How often do we hear “we like Jews, we just have a problem with Israel”, which is what gets that speck of land 40 times more condemnation at the United Nations than North Korea; Russia – even currently; China – with all the poor Muslims in Xinjiang internment camps, which seems to have everybody else unfazed.

Israel suffers more condemnation than Iran, Syria, and Saudi Arabia. Combined and multiplied.

So, with this frenzied backdrop and the ghoulish and bloodied demand for headless baby pictures, the media rushed to the entirely fake news that Israel had obliterated a hospital with rockets in Gaza.

I watched in dumbfounded disbelief that before any proof was put forward, and with my distraught wife literally in tears next to me, how the media condemned Israel outright. With no proof, and believing the very organisation that calls for the total annihilation of Israel and all her people, as the credible, objective source.

Then, as suspected tons of evidence emerged, verified now by independent countries and news sources, that in fact Islamic Jihad/Hamas had accidentally blown up their own hospital.

But the facts don’t suit the narrative, and so the outrage continues in spite of it not being Israel.

Imagine the madness one must have, the levels of hatred, to still believe something in spite of knowing that it’s false. It’s beyond comprehension.

Where is the anger in the Arab world towards the actual perpetrators of this crime? Are those 400 people no longer dead because it wasn’t Israel?

Will there be no justice? Will Iran and its proxy, Hamas, succeed in destabilising growing peace between the Arab world and Israel? Be sure, the Arab world absolutely understands what Iran and Hamas are doing. So if it allows this lie and horrific attack on Israel to scupper peace, it’s only because it wants this. For no other reason.

I feel desperately sad for the innocent Palestinians caught up in this war. The situation on the ground is utterly heart breaking.

And my heart continues to ache for the murdered Israelis and other nationalities, and for the hostages. It’s a horrific situation. War is incredibly cruel.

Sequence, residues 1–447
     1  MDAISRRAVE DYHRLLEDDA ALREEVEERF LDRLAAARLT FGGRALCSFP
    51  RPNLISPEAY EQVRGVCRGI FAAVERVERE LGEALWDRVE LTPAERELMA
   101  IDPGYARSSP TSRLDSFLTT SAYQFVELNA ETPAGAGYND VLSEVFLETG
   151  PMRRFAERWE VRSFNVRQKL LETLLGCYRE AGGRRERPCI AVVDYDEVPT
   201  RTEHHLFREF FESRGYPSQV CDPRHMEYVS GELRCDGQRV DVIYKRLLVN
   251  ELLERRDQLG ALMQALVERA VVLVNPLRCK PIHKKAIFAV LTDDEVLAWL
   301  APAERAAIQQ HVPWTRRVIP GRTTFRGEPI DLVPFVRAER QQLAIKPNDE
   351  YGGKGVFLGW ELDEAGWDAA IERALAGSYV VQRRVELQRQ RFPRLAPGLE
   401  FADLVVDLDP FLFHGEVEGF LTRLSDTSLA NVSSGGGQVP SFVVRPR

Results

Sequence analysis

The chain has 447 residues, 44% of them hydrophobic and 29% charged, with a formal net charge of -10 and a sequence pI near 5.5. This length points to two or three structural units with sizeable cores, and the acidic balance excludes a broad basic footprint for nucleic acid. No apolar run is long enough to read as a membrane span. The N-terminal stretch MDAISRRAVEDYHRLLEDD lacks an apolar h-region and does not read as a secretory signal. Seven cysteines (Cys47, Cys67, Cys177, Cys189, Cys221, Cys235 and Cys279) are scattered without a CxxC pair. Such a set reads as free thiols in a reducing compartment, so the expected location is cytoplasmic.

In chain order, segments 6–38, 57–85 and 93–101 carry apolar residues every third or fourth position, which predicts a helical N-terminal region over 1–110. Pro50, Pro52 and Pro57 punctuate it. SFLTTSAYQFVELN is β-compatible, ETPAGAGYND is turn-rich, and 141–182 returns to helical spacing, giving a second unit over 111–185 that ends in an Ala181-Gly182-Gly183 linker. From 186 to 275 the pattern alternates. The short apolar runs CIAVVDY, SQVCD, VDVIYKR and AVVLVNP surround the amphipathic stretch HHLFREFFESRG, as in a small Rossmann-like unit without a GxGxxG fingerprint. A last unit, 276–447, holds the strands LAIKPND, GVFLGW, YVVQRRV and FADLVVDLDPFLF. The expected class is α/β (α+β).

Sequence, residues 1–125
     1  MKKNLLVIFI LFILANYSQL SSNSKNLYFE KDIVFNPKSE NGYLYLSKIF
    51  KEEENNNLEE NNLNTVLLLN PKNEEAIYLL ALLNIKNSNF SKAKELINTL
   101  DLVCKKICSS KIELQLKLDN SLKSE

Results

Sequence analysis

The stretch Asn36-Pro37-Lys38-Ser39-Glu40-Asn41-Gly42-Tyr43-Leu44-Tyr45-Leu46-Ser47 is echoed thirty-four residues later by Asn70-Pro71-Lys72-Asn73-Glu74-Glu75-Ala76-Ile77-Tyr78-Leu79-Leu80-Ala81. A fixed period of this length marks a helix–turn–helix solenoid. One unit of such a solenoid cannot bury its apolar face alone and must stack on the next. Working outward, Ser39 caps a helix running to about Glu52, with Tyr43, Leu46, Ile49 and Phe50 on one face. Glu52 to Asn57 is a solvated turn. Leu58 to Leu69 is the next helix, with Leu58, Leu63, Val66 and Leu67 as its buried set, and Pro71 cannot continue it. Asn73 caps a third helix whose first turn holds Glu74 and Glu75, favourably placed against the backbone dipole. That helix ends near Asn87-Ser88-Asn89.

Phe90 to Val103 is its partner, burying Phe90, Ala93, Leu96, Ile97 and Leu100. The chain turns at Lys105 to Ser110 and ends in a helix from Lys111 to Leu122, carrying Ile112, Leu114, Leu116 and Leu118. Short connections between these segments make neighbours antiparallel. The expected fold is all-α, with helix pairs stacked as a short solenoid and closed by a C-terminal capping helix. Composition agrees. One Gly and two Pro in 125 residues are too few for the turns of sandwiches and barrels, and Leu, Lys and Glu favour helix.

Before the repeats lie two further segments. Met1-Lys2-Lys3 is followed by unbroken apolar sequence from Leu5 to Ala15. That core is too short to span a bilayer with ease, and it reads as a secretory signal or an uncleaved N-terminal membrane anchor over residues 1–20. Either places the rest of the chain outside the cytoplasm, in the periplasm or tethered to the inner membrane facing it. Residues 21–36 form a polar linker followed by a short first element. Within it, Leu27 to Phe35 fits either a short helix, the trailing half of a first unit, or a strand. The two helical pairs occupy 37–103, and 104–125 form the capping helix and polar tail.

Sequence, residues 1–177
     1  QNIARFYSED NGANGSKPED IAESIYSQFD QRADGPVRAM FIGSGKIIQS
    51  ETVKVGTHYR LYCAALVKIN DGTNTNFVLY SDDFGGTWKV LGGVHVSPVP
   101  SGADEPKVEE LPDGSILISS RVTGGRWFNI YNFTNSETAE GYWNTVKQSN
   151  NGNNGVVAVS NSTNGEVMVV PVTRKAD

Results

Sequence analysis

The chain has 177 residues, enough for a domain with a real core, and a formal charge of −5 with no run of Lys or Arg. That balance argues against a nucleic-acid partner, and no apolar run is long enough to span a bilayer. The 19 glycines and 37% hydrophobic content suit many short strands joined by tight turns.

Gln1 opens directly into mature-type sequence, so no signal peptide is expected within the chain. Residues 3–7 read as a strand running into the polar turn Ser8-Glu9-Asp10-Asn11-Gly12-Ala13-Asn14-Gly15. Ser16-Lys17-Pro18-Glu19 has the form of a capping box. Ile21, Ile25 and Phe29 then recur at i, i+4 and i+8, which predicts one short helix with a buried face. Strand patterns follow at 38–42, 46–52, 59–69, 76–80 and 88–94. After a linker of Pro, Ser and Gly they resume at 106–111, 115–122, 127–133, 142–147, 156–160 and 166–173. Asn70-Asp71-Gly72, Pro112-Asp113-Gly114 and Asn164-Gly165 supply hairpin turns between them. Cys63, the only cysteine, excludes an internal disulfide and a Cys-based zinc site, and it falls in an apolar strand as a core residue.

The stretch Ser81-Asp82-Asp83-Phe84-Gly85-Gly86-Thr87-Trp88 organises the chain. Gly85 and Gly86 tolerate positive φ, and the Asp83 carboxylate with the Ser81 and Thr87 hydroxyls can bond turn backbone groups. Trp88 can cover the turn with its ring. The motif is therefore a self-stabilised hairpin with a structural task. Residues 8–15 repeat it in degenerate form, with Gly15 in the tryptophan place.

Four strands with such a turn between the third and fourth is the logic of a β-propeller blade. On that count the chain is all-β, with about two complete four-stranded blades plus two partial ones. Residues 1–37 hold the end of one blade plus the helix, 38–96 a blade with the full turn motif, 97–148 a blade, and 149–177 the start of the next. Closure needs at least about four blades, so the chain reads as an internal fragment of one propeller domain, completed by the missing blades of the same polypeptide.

I have the capacity, like any normal and compassionate human being would, to be able to simultaneously hold two truths.

What happened and is happening in Israel is horrific. What innocent Palestinians are going through, as Israel targets Hamas terrorists and seeks to bring back 222 hostages – assuming many are still alive – is also truly heart breaking.

To be a decent person is to feel for all people. Not just some. And yet, what I’ve seen in the marches and rallies in London and around the world in favour of Palestinians, with nary a thought or concern for more than 1 400 people murdered less than two weeks ago, says everything. It’s sick. It’s horrific. It’s unconscionable. Nothing less than a lost generation.

A generation which, because of social media, propaganda, and society, can express true sadness only for one people by wishing death on others, regardless of whether 1 400 of them were murdered first, and in spite of five attempts to have a two-state solution thrown in the bin so far.

I pray for peace. I pray for life and light.

For now, the world has truly lost its way. The question we now need to start asking is how did this happen? Because it’s clear this antisemitic campaign has been well strategised, funded, and promoted, while Jews around the world just tried to rebuild their lives after the last attempt of their genocide. Can’t we just love each other rather?

  • Mike Abel is the founding partner and executive chairman of M&C Saatchi Group South Africa.

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1 Comment

1 Comment

  1. Chaim

    Nov 1, 2023 at 10:33 am

    Stupid, thoughtless title. When sensitivity and intelligence are compromised for the sake of wit.